Drain the Quarry, You’ll be Sorry!

Season six kicked off with the best premier the show has had since, well, probably the pilot. We saw intense action, great character conflict, legitimate tension, and fantastic visuals.

Let’s start with the last thing in that list, because screw my sentence structure. This episode featured some of the best visual composition since Darabont’s departure at the end of season two. Given of the structure of the episode (flashbacks to a few days earlier), there needed to be a way to make it clear which sequences occurred when. Enter: black and white. Sure, it’s a pretty basic tool, but it was effective. More importantly, however, was that the black and white scenes forced creative filming. While orange may be in stark contrast to blue in a full color film, grey blends in with grey quite a bit in this instance. So props to the director of photography for using creative framing, focus, and lighting to keep the visuals from become a mess. If only this degree of effort was put into all episodes, Walking Dead or other.

This episode also had some great tension to keep us interested as well. This tension was first apparent in the flashbacks, as there were a few backroom plans and murderous plots to add an extra element of danger for our heroes. The tension quickly shifted to the present, as the final conflict had us on the edge of our seats and ultimately dreading what we were seeing on screen.

It was also great to be left in the dark on what Rick’s plan was, and seeing it play out WHILE we learn of the conflict was a fun way to watch the episode. When the plan (inevitably) falls apart, we experienced all the right emotions at all the right times. There was a solid cliffhanger to boot, and there is enough at stake for me to say I am more anxious to see the next episode than I have been in years.

The whole idea of an accidentally-accumulating-zombie-basin was one of the best ways to tackle a running issue on this show. Realistically, anyone who has survived a zombie apocalypse for this long should be pretty well equipped to fight zombies. Luckily, the showrunners recognized this and found a clever way to introduce a genuine threat to our characters. The notion that the natural terrain can create a gargantuan horde was ingenious. Adding on the fact that all the bullets in world couldn’t stop this threat gave the show a much needed creative twist.

Couple that, too, with the character drama in the episode. Morgan is meeting a new person, essentially. The kind-hearted cop on a quest to find his family is gone…in his place is a hardened cynic would mows down cannibals and doesn’t even trust his own shadow. Morgan served as a sort of bearing, allowing us to appreciate just how much Rick has changed since the first episode. It gave us some intense emotional conflict since we too long for that righteous sheriff of yesteryear, but we also understand how murderous foe after murderous foe can really change a man.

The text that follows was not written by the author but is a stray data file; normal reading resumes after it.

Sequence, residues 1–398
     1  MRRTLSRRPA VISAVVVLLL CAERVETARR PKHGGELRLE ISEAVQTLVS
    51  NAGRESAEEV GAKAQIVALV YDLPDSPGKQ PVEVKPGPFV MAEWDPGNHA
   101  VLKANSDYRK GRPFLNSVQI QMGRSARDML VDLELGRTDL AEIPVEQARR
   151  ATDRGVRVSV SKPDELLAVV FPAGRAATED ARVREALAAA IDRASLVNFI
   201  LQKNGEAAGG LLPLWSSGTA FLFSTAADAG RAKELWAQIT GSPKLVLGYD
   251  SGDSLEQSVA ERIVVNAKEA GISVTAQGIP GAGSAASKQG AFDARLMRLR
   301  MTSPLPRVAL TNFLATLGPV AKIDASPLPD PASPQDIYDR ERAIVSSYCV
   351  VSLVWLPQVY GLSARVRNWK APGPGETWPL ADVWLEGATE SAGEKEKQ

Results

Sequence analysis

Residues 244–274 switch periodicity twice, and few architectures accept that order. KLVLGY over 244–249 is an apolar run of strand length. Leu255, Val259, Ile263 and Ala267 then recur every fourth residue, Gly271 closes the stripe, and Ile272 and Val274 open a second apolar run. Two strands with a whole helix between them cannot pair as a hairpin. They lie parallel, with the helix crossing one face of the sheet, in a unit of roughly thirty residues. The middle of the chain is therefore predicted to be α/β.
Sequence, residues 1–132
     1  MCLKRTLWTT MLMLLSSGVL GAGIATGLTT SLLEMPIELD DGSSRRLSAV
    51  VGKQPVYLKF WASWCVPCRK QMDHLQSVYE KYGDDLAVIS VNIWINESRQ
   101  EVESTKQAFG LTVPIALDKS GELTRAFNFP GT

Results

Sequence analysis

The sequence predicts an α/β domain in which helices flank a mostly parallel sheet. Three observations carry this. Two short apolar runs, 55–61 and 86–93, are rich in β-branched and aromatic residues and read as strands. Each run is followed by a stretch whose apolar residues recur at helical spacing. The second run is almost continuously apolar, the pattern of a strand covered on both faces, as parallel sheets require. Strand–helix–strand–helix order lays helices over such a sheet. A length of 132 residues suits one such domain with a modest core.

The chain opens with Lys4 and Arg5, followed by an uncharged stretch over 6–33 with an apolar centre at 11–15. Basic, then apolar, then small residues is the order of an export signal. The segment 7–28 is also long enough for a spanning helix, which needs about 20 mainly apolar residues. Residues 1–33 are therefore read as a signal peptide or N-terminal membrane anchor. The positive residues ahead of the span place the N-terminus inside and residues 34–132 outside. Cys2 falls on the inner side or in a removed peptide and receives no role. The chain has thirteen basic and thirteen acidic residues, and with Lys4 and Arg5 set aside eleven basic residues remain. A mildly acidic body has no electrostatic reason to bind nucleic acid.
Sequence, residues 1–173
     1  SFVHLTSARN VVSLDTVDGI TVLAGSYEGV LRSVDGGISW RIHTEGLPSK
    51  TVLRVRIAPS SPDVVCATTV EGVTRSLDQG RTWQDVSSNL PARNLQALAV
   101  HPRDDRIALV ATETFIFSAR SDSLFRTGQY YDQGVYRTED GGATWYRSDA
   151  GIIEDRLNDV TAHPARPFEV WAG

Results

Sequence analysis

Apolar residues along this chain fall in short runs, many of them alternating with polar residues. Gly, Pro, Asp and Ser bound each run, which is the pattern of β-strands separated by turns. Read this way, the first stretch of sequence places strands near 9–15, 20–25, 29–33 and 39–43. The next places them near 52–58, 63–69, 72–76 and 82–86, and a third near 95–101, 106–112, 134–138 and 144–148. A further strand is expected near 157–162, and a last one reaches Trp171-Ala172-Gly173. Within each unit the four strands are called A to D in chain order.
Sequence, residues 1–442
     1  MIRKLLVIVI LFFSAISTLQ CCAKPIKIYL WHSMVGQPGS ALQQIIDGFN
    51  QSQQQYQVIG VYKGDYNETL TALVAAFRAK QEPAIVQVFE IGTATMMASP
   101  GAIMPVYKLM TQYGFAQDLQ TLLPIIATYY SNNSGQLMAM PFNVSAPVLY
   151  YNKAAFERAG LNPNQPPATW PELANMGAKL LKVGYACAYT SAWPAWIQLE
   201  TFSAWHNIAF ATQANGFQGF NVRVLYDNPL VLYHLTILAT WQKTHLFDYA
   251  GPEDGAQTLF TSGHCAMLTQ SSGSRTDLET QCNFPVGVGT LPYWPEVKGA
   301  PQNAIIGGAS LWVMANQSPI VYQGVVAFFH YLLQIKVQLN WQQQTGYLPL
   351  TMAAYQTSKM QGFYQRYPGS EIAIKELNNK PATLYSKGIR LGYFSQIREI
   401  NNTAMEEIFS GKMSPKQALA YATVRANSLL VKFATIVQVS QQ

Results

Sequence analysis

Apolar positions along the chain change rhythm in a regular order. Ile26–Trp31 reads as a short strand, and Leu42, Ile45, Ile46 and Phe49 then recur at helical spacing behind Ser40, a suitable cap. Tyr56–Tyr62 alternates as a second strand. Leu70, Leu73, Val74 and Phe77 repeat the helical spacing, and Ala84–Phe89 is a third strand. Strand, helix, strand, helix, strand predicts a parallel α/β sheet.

The action in the episode, to round off my reverse listing, was good. Just…good. The standard “zombie on human” combat was consistent with what the show has previously delivered (that is to say: great makeup and choreography, but a bit hammy when someone eventually runs out of ammo and falls to the ground). Seeing Abraham kill just to kill was exciting, but served a bigger purpose other than “We haven’t had a zombie kill on screen in a while.” It had weight to it and was engaging and pitiful (in the best way possible). The zombie quarry may have been a bit ambitious by way of CGI, but the underlying purpose it served to the story was ultimately forgiving. I’d rather see the show create new situations that ring a bit corny than deliver the same thing over and over. It’s a net win, in my opinion, and I’d like to see more instances of that in the future.

All in all, this was not just a great episode, but a great premier. It harkened back to Rick’s beginning of the adventure, while still taking the episode to new places. It was creative, nostalgic, and ultimately fun. It was just the episode we needed to remind us why we stick with these characters, why we care about what happens, and why I f@&%#g hate FtWD so much.


Alex Russo likes to talk about television. You can read more of his insane ramblings on Twitter.

Alex Russo

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